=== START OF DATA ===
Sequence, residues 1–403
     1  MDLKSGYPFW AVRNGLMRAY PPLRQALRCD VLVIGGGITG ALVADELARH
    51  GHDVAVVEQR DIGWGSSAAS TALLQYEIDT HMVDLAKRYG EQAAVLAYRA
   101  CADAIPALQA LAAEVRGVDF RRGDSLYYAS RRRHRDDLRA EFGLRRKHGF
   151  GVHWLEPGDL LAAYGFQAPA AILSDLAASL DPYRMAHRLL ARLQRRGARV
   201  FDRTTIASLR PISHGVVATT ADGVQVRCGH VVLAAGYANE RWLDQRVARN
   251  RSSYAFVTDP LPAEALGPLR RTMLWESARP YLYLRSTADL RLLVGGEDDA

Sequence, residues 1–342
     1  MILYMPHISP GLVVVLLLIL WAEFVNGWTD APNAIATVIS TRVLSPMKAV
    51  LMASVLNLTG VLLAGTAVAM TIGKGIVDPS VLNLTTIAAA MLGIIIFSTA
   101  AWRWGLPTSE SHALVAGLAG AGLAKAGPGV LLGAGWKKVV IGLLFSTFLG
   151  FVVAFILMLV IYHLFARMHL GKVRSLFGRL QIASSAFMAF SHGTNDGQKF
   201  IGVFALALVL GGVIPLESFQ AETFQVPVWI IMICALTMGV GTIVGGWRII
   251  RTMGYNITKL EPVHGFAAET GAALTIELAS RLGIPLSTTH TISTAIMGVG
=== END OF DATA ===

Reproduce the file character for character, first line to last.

Sequence, residues 1–403
     1  MDLKSGYPFW AVRNGLMRAY PPLRQALRCD VLVIGGGITG ALVADELARH
    51  GHDVAVVEQR DIGWGSSAAS TALLQYEIDT HMVDLAKRYG EQAAVLAYRA
   101  CADAIPALQA LAAEVRGVDF RRGDSLYYAS RRRHRDDLRA EFGLRRKHGF
   151  GVHWLEPGDL LAAYGFQAPA AILSDLAASL DPYRMAHRLL ARLQRRGARV
   201  FDRTTIASLR PISHGVVATT ADGVQVRCGH VVLAAGYANE RWLDQRVARN
   251  RSSYAFVTDP LPAEALGPLR RTMLWESARP YLYLRSTADL RLLVGGEDDA

Sequence, residues 1–342
     1  MILYMPHISP GLVVVLLLIL WAEFVNGWTD APNAIATVIS TRVLSPMKAV
    51  LMASVLNLTG VLLAGTAVAM TIGKGIVDPS VLNLTTIAAA MLGIIIFSTA
   101  AWRWGLPTSE SHALVAGLAG AGLAKAGPGV LLGAGWKKVV IGLLFSTFLG
   151  FVVAFILMLV IYHLFARMHL GKVRSLFGRL QIASSAFMAF SHGTNDGQKF
   201  IGVFALALVL GGVIPLESFQ AETFQVPVWI IMICALTMGV GTIVGGWRII
   251  RTMGYNITKL EPVHGFAAET GAALTIELAS RLGIPLSTTH TISTAIMGVG